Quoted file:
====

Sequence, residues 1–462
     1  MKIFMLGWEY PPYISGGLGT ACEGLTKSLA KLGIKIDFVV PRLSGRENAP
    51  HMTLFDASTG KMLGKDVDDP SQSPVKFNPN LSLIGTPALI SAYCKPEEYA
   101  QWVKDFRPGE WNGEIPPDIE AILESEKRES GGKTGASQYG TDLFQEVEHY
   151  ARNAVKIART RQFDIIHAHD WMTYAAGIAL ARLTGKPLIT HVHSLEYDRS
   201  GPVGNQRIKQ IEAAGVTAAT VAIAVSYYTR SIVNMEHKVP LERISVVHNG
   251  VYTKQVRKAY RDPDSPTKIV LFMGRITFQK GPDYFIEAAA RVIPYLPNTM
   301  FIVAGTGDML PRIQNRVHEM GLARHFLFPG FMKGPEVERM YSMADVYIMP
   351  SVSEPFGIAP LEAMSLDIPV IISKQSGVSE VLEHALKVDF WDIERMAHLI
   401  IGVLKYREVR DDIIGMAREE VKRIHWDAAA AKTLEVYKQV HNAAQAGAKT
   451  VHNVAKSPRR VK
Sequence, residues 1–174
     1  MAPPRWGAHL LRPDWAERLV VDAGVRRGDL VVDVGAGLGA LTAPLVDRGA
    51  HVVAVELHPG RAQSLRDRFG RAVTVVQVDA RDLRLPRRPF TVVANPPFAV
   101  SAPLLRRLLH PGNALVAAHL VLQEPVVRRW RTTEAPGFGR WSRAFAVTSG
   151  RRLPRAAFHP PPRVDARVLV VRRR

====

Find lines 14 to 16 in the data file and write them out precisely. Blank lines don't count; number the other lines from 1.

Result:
    51  HVVAVELHPG RAQSLRDRFG RAVTVVQVDA RDLRLPRRPF TVVANPPFAV
   101  SAPLLRRLLH PGNALVAAHL VLQEPVVRRW RTTEAPGFGR WSRAFAVTSG
   151  RRLPRAAFHP PPRVDARVLV VRRR